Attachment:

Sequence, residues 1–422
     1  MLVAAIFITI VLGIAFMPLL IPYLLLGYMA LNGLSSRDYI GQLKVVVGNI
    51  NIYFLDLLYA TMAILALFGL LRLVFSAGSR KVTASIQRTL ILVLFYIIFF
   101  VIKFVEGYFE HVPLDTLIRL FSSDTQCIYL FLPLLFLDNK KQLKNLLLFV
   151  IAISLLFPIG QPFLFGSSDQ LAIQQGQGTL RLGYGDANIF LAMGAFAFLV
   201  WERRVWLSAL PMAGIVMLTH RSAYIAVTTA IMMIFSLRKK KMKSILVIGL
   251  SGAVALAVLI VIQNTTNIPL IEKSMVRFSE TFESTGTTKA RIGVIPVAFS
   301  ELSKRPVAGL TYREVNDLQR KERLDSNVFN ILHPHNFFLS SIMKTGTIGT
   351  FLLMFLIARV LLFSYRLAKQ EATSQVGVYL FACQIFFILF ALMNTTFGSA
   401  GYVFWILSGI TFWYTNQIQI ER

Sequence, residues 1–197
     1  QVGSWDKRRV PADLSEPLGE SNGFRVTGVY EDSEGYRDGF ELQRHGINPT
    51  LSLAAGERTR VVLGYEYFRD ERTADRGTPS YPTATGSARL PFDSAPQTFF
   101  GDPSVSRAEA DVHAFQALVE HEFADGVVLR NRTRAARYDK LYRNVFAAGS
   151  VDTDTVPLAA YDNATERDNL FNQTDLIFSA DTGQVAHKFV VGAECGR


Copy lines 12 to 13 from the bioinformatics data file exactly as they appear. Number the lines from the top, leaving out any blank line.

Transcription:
     1  QVGSWDKRRV PADLSEPLGE SNGFRVTGVY EDSEGYRDGF ELQRHGINPT
    51  LSLAAGERTR VVLGYEYFRD ERTADRGTPS YPTATGSARL PFDSAPQTFF